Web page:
Health systems in low and middle income countries (LMIC) are increasingly pluralistic, involving a wide mix of public, not-for-profit and for-profit providers. Regulation should be a key foundation of the Government's stewardship role of these heterogeneous facilities, but performance of this function is generally weak, with serious consequence for patient safety and quality of care.
There has been little evaluation of strategies to strengthen regulation in LMIC, a notable exception being the Kenya Patient Safety Impact Evaluation (KePSIE), a collaboration between the Kenyan Ministry of Health and the World Bank. This randomised controlled trial is assessing the impact of a set of innovative regulatory interventions in public and private facilities in three Kenyan counties. These comprise the use of the Joint Health Inspections Checklist (JHIC), which synthesises the areas covered by all the regulatory Boards and Councils; increased inspection frequency; risk-based inspections where warnings, sanctions and time to re-inspection depend on inspection scores; and display of regulatory results outside facilities.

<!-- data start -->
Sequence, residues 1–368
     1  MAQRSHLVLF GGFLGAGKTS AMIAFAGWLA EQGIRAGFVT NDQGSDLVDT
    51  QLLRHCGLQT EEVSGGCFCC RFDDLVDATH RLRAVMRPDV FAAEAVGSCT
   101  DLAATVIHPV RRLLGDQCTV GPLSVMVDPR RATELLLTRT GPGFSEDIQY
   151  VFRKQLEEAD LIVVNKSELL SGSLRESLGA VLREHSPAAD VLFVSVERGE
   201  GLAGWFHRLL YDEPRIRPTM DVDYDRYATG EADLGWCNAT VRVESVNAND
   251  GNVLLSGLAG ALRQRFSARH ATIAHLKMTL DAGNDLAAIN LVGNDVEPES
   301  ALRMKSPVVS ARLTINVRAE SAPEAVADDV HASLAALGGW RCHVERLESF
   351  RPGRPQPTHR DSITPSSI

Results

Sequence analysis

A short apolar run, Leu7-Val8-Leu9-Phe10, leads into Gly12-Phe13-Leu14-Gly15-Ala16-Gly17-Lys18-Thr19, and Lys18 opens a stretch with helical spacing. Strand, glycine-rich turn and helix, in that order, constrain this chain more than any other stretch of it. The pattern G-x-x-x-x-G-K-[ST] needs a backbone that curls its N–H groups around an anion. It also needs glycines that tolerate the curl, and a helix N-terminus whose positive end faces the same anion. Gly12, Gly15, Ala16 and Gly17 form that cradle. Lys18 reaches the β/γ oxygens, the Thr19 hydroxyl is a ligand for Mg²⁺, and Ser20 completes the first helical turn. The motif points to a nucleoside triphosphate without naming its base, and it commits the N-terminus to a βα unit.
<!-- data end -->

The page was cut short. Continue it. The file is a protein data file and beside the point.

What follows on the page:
The KePSIE trial will provide a rigorous quantitative assessment of these regulatory strategies.
The results are expected to make an important contribution to the limited evidence base on regulation and regulatory reform. The findings will be of substantial benefit to those concerned with regulatory reform and the improvement of quality and safety more generally in Kenya and other LMIC settings.
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